The country is something fundamentally different from the city. It is a different type of settlement, there is social control, people have more space, but shopping opportunities are not as good. In one respect though, the country is thoroughly urbanized, namely in the way we perceive it. In the country too people are viewing it the way previously only city dwellers did. And they build things the same way.
The dirndl is a 19th century invention. It was invented for city dwellers who wanted to feel as if they were farmers. But it was also a form of ennoblement: The House of Wittelsbach made this form of traditional dress a symbol that everyone understood: anybody wearing it was part of the Kingdom of Bavaria. Though apparent, its connection with the reality of country life ultimately tended to be loose. The reality of country life was harsh. It was idyllic only for those who could escape it, if they so wished. All this still applies today. Even now, the country is a sacrosanct place, control over which must be maintained. That extends as far as to absurd investment subsidies, which entice those companies that elsewhere would have gone bankrupt had they not received the subsidies. That is the one thing. The other is that people go over the top in idealizing things. In the country people make jam and put it in jars with a red and white striped piece of cloth over the lid. In the country people have cute animals, which they know by name. Instead of watching TV in the evening they embroider or crochet or carve wood or preserve fruit or dance the “schuhplattler”. They blank out how the cute animals are turned into sausages. And the fact that most of them are kept in factories.
Life is indeed perfect in the country – this idealization is an expression of the permanent bad conscience people have who avail themselves of all the blessings we have been favored with since industrialization and destroy precisely what they think they can still find in the country. Plastic packaging and clothes dryers, SUVs and the mass machine-production of pieces of checkered cloth with a jagged edge for putting over the jam jars. Not only people living in the city have a bad conscience, but those living in the country as well, because hardly any of them are farmers.
You can see that in the architecture. Building in the country is a permanent balancing act between reality and the idealization of a supposedly more authentic, more natural way of life. At worst we find balconies with geraniums, with balustrades made of yodeling manufactured carving. And across the nation: half-hip roofs – incidentally the best example of an unfortunate name having no influence at all on the success of what it is referring to. At best, people resort to a straightforward Monopoly-style house which they have correctly clad with, for example, dark wood. So that people can see that as a genre the country house is not being disfigured by yodeling, there is no roof overhang. It’s nice to look at but it also nurtures the very image of the country with an autochthonous culture that for the most part is constructed. There are cases of a new civic center being clad with a particular dark wood, even though there is not a single building in the surroundings with a similar façade. And the roof overhang makes sense, especially when you’re using wood to build with. The context of rural building used here is not real, but mental. It is one of longing.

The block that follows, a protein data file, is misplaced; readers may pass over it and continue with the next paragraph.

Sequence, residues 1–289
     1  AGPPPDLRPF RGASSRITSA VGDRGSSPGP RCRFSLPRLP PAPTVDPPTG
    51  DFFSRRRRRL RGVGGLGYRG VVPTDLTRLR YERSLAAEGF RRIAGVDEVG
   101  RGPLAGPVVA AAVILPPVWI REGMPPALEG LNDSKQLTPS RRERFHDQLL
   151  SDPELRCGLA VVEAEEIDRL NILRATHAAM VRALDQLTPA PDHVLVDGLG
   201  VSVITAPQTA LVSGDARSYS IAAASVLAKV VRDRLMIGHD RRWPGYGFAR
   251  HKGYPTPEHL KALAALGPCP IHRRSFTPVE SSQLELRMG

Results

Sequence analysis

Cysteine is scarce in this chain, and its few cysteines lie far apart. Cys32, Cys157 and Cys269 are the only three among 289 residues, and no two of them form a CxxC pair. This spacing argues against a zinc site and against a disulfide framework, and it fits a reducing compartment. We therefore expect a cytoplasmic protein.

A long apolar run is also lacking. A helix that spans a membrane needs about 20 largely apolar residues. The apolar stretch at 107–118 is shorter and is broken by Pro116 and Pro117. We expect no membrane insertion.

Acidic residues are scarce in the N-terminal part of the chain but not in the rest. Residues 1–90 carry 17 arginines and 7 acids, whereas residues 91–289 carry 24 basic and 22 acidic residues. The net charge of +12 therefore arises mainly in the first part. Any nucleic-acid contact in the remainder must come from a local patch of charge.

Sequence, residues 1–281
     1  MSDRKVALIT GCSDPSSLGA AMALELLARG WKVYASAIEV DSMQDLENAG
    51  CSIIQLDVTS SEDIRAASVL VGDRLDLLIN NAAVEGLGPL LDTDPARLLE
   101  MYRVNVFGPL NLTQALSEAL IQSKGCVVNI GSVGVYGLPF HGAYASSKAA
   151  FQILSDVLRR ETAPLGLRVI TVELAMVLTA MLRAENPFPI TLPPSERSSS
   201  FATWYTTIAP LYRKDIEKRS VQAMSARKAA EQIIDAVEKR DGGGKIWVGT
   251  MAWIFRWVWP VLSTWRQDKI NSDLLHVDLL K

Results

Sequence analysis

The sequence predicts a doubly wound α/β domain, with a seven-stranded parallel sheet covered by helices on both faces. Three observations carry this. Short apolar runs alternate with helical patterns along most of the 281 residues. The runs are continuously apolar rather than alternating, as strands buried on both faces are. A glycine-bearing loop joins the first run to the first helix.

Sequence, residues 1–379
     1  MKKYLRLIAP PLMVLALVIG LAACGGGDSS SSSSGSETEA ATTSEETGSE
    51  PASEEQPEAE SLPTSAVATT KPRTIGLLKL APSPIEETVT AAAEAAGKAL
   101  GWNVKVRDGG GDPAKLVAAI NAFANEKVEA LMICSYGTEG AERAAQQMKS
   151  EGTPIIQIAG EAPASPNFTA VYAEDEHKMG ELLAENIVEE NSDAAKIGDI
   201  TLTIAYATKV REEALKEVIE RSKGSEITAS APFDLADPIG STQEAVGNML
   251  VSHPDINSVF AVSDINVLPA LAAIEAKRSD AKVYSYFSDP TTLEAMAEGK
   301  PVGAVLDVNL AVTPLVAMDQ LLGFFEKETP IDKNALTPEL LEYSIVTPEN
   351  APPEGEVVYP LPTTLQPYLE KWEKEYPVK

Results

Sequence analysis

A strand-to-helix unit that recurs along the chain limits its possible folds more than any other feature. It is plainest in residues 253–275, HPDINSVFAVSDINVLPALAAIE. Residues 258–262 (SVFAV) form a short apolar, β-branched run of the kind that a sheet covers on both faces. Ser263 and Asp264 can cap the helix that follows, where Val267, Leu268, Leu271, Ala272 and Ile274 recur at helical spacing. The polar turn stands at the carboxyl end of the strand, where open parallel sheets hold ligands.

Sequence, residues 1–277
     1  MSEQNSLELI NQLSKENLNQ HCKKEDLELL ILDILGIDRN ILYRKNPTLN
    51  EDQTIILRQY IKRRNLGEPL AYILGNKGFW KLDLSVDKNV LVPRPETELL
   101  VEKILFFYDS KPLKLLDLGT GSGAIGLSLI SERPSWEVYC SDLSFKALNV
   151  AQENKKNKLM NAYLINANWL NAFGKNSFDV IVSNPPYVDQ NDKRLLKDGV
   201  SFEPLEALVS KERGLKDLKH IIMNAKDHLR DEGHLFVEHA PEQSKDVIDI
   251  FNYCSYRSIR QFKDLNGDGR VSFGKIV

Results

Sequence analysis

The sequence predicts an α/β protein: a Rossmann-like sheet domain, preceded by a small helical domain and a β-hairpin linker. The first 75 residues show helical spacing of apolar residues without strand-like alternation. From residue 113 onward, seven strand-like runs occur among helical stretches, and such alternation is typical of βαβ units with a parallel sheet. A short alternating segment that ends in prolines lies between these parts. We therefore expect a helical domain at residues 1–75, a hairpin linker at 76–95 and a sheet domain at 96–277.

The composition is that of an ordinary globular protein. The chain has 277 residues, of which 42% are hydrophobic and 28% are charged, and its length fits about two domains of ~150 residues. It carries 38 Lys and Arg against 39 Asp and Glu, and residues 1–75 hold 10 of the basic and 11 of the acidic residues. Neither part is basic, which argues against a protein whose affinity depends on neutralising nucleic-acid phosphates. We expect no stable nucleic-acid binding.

This mental context does not, perhaps, have anything to do with reality, but it creates it. An additional form. This additional reality is one intended to no longer have anything to do with the world around it. Neither with the agricultural industry nor with globalization, which often hits urban regions harder than it does cities. Idylls are nurtured in cities as well, though. People there act as if they could go back to the 19th century. And so that they believe it, not only are structures being built as they were in the 19th century, they are also being reconstructed. From the transfigured country and cities a world is created in which the city, like in an engraving by Merian, provides an image of a civic community with a functioning society while the farmers, tending their goats, and sheep, meditate amidst the greenery. It all has yet to become a whole. In order for the country not to become alien.
Admittedly, things are seldom reconstructed in the country. After all, barns and farmers’ cottages were not unmistakable, prestigious buildings, but rather functional, everyday culture, supposed primeval huts people trace, empathize with, however successfully. This gives rise to the architectural equivalents of the twee jars of jam with checkered doilies, whose reflection of paradise still seems to shine in the most grotesque form of mutilation. As does the countryside full of hedgerows, in which recently wind turbines have become an eyesore, because they do not fit in with the image of a perfect world, on account of them being unable to be disguised as wind mills. But we’ll get used to them as well. When it gets down to the nitty-gritty, people have more imagination than you think.